• Evaluate the reliability of sources of information, drawing critical conclusions about what is said and what is not said.

• Search for, organize, contrast, prioritize and synthesize information from different systems and environments.

• Detect the intentions and interests that underlie corporate and popular productions, their ideology and values, latent or patent, and take a critical stance towards them.

• Maintain an ethical attitude towards downloading products that can be used for consultation, documentation or entertainment.

• Analyze individual and collective virtual identities, and detect stereotypes, especially in terms of gender, race, ethnicity, social class, religion, culture, disabilities, etc, analyzing causes and consequences.

• Critique the effects of opinion forming, and the cultural homogenization promoted by the media.

• Recognize that empathy with people and stories in media can be used both as a mechanism for manipulation and as an opportunity for self-knowledge and new experiences.

• Manage our own emotional responses when interacting with screens, according to the ideology and values that these screens evoke.

b) Areas of expression to include the ability to:

• Use new media and communication tools to transmit values and contribute to improving the environment based on social and cultural commitments.

• Make products and modify existing ones in order to question the values and stereotypes in certain media productions.

• Use the new media tools for active and civic participation.

3.6. Aesthetics

a) Areas of analysis to include the ability to:

• Enjoy formal aspects of media, that is, not only of what is communicated by also how it is communicated.

• Recognize a media production that does not satisfy minimum aesthetic requirements.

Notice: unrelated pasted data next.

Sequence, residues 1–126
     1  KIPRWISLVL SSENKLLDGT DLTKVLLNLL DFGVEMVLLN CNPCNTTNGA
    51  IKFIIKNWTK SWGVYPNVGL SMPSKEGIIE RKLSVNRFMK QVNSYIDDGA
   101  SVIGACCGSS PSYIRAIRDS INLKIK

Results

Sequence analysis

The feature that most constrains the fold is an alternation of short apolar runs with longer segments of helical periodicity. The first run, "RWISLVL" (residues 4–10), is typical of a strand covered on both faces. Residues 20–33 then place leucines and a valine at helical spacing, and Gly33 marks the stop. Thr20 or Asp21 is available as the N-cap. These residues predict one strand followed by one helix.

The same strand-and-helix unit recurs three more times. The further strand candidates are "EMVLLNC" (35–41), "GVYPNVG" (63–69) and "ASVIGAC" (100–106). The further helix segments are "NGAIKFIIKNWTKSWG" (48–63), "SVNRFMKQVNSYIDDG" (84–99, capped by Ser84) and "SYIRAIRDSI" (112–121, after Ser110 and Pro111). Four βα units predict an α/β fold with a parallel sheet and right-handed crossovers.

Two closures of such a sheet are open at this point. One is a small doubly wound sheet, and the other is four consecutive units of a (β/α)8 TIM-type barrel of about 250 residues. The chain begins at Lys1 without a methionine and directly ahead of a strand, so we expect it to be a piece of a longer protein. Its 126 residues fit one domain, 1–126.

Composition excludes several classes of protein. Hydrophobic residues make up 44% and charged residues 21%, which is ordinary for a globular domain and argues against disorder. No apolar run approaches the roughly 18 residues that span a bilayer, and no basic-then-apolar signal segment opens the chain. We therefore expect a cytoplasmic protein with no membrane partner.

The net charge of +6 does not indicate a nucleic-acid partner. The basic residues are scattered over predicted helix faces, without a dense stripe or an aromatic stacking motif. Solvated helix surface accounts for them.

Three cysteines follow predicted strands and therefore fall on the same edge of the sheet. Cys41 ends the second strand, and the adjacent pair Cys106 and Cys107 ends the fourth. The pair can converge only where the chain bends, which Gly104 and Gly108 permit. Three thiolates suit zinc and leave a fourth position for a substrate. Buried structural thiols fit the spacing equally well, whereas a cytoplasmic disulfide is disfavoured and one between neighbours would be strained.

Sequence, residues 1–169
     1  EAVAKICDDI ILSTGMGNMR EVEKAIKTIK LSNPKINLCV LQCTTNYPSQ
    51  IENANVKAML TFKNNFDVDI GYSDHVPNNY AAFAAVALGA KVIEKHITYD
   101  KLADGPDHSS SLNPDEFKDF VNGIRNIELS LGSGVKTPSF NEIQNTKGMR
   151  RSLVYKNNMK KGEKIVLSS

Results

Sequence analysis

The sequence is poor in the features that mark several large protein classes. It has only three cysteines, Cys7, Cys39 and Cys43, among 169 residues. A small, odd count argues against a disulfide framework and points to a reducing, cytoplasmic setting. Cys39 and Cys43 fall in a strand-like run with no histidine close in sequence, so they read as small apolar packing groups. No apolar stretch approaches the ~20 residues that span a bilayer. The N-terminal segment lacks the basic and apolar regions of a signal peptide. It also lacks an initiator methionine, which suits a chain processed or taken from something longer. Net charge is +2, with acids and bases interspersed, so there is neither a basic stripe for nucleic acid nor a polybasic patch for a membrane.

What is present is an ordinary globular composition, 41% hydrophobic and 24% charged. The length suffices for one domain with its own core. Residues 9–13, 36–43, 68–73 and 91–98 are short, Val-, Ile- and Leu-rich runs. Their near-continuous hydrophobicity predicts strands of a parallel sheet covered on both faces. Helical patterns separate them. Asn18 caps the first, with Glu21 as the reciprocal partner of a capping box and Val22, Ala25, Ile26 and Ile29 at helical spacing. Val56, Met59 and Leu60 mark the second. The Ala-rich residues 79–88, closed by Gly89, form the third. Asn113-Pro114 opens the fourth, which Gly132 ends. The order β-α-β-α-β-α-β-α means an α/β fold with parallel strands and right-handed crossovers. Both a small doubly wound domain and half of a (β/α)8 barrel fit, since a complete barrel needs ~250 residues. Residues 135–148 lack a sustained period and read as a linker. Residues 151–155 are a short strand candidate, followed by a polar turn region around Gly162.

• Relate media productions to other artistic output and detect mutual influences.

• Identify basic aesthetic categories like formal and thematic innovation, originality, style, schools and trends.

b) Areas of expression to include the ability to:

• Produce elementary messages that can be understood and which help to raise the level of personal or collective creativity, originality and sensibility.

• Appropriate and transform artistic productions, boosting creativity, innovation, experimentation and aesthetic sensibility.


1) Spanish experts: Ignacio Aguaded, José María Aguilera, María Cinta Aguaded, Roberto Aparici, Sue Aran, Antonio Bartolomé, Magda Blanes, Julio Cabero, Daniel Cassany, María del Rocío Cruz, Pilar de las Heras, Patricia Digón, Manuel Fandos, José Antonio Gabelas, Agustín García Matilla, Alfonso Gutiérrez Martín, Laura López, María Lozano, Carmen Marta, Enrique Martínez Salanova, Estrella Martínez Rodrigo, Rafael Miralles, José Manuel Pérez Tornero, Antonia Ramírez, Paula Renes, Jacqueline Sánchez, Josefina Santibáñez, Ana Sedeño, Fernando Tucho, Alejandra Walzer.

2) International experts: Claudio Avendaño (Chile), Frank Baker (USA), Marlene Blois (Brazil), Catharina Bucht (Sweden), Abel Carlier (Belgium), Susanne Ding (European Commission), Nicoleta Fotiade (Rumania), Divina Frau-Meigs (France), Tania María Esperón Porto (Brazil), Valerio Fuenzalida (Chile), Nathalie Labourdette (European Commission), Roxana Morduchowicz (Argentina), Sara Pereira (Portugal), Salvador P. Ottobre (Argentina), Ida Pöttinger (Germany), Daniel Prieto (Argentina), Vânia L. Quintâo (Brazil), Vitor Reia-Baptista (Portugal), Tapio Varis (Finland), Klas Viklund (Sweden).